It’s a sign of normalcy in a very strange time: three months after shutting down, the National Hockey League will resume the 2019-20 season.
And the Vegas Golden Knights are one of the favorites to win the Stanley Cup.
Dan D'Uva has been the Golden Knights radio play-by-play announcer since the team formed in 2017.
That season, the Golden Knights reached the Stanley Cup Final, only to come up short against the Washington Capitals.
So, will they hoist the Cup this year?
The oddsmakers think so. They're currently tied with two other teams for the best odds to win the Cup, D'Uva said.
But before that happens, the Knights will have to get through the completely rearranged playoff schedule.
On Thursday, the National Hockey League announced its Return to Play Plan, which involves 24 teams in competition for the Stanley Cup.
The tournament will begin with a 16-team, best of five qualifying round and a seeding round-robin among the top four teams in each conference to determine seeds for the playoffs.
In the Western Conference, the St. Louis Blues, Colorado Avalanche, Vegas Golden Knights and Dallas Stars each will have a bye and play in the round-robin to determine their seeding order.
While, in the Eastern Conference, the Boston Bruins, Tampa Bay Lightning, Washington Capitals and Philadelphia Flyers each will have a bye and play each other once in the round-robin to determine the order of the top four seeds for the first round of the playoffs.
But D'Uva is skeptical about how much seeding will actually matter.
“Not sure it’s going to mean a whole heck of a lot this year because… these teams have had so much time away what are they going to look like? It could be a very different club on July 15 potentially than it was on March 15,” he said.
The NHL paused the regular season March 12 due to concerns surrounding the coronavirus and said the remaining 189 games would not be completed.
With all that time off, there has been one advantage. The Knights had two important players struggling with injuries. Mark Stone and Max Pacioretty had been week to week with significant injuries.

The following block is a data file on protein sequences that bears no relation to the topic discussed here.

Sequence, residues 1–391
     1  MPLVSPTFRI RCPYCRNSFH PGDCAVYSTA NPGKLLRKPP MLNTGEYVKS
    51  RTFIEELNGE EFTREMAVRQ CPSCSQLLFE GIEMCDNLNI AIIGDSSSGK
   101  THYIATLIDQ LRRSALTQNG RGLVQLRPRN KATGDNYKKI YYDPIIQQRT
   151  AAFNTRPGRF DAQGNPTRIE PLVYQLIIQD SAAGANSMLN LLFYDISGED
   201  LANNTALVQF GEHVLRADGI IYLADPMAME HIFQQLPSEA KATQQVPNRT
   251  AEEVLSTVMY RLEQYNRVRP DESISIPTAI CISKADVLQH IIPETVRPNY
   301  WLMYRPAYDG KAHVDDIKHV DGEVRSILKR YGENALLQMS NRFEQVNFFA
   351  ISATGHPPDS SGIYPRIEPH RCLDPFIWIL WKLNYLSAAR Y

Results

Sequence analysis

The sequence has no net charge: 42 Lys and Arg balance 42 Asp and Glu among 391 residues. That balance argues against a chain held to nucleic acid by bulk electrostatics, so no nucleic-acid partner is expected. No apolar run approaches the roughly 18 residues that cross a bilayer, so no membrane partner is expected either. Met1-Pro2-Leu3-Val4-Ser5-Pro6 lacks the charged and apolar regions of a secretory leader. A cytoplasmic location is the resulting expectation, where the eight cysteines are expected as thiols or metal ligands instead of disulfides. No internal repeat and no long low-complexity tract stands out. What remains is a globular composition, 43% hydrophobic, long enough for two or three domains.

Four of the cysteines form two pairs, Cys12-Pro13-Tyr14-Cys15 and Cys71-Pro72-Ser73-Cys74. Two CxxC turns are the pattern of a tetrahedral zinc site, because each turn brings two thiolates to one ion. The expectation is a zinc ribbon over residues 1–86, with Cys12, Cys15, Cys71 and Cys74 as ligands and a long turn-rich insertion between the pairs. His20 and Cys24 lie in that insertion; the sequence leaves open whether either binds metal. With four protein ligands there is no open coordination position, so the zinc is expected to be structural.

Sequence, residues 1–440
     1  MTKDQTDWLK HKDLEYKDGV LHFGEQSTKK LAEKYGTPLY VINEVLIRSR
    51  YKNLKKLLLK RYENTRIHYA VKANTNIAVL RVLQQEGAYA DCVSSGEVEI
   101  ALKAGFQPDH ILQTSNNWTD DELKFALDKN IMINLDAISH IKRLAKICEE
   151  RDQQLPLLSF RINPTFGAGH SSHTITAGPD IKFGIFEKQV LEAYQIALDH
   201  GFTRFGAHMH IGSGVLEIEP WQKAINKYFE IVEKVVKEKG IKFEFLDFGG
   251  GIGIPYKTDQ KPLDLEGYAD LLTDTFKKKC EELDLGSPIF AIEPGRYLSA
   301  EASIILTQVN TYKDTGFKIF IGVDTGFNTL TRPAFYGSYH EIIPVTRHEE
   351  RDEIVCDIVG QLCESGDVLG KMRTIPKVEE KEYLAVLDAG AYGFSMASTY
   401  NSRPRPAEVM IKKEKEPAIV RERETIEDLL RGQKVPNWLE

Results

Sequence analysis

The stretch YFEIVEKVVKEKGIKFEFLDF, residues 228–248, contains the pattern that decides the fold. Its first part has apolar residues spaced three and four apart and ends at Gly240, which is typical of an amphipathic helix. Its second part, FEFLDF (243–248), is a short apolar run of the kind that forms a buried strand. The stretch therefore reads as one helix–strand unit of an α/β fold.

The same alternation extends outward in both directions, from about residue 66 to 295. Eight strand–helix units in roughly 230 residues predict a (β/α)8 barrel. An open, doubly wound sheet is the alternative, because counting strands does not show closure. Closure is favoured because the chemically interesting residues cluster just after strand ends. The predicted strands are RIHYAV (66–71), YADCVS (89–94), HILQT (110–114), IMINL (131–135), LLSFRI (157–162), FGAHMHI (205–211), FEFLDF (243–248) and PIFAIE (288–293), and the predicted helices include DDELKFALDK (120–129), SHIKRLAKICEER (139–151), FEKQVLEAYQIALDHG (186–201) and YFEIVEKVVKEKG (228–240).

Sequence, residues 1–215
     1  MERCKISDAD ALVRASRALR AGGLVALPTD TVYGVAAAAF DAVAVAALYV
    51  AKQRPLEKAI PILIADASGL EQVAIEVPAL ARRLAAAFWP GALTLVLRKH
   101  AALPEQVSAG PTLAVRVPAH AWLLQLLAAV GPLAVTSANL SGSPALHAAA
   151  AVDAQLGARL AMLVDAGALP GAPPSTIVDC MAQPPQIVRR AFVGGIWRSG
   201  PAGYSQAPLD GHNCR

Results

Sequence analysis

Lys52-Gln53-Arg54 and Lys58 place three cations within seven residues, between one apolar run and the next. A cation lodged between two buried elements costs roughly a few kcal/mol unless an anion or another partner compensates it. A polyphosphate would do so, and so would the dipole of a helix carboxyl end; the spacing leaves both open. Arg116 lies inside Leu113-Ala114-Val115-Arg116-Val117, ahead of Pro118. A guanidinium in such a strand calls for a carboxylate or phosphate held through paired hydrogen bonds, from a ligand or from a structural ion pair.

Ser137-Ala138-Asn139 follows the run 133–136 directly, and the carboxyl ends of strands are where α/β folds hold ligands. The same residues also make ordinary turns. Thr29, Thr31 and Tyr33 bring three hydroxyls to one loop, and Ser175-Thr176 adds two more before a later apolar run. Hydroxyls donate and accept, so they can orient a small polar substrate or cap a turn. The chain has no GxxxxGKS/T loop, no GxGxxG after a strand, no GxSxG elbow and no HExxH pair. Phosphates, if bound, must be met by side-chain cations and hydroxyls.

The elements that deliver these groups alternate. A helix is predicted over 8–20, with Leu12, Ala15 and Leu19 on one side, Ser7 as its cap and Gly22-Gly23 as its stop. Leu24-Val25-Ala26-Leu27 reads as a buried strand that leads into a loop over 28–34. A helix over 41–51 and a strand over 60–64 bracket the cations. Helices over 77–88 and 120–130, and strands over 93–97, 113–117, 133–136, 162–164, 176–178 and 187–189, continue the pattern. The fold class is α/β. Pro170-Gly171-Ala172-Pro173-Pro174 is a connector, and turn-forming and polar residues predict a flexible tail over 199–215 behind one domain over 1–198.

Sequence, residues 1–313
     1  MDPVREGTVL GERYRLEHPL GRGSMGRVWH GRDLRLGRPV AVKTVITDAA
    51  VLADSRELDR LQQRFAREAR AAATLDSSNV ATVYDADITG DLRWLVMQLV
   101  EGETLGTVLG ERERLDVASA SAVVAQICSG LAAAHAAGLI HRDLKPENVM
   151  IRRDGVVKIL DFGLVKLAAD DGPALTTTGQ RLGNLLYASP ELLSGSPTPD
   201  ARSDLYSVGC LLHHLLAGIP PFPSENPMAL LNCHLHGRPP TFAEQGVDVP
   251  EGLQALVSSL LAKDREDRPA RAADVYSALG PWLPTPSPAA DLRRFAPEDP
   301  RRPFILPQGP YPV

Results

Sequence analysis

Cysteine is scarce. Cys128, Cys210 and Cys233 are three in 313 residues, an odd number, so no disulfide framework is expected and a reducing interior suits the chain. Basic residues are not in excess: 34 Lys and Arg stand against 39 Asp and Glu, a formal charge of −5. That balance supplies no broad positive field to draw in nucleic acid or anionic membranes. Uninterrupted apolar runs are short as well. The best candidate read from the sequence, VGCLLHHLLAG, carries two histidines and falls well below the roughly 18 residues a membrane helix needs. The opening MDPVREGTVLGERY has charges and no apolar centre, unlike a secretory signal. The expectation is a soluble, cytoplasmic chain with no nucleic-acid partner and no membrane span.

The time off to rehab and access to ice, that a lot of players didn't have, has changed that. They are both now 100 percent to play, but so are other players for other teams, D'Uva pointed out.
The 12 qualifying teams from the Eastern and Western conferences were determined by points percentage as of that date. Seven teams did not qualify.
Phase 2 of the Return to Play Plan, which allows for voluntary limited workouts at team facilities, begins Monday. Full training camps, part of Phase 3, will not begin before July 10.
The plan right now is to play games in so-called 'hub cities.' The league hasn't said which cities those are. D'Uva explained that a city must have enough ice for 12 teams to practice and play. Plus, they must have enough hotel rooms for players and staff.
“They’re moving forward with all of these ‘hub cities’ and then at a point in the future they’ll determine which one ultimately to choose for the Western Conference and which one to choose for the Eastern Conference,” he said.
But the league might decide to send Western Conference teams to the Eastern Conference hub city and vice versa over concerns about giving a home team the advantage.
“I can only imagine the logistical complications the NHL has dealt with in choosing these cities,” he said.
While it remains a long shot, D'Uva believes there might be a chance down the road that fans would be allowed to attend games.
Dan D'Uva, play-by-play broadcaster with the Vegas Golden Knights
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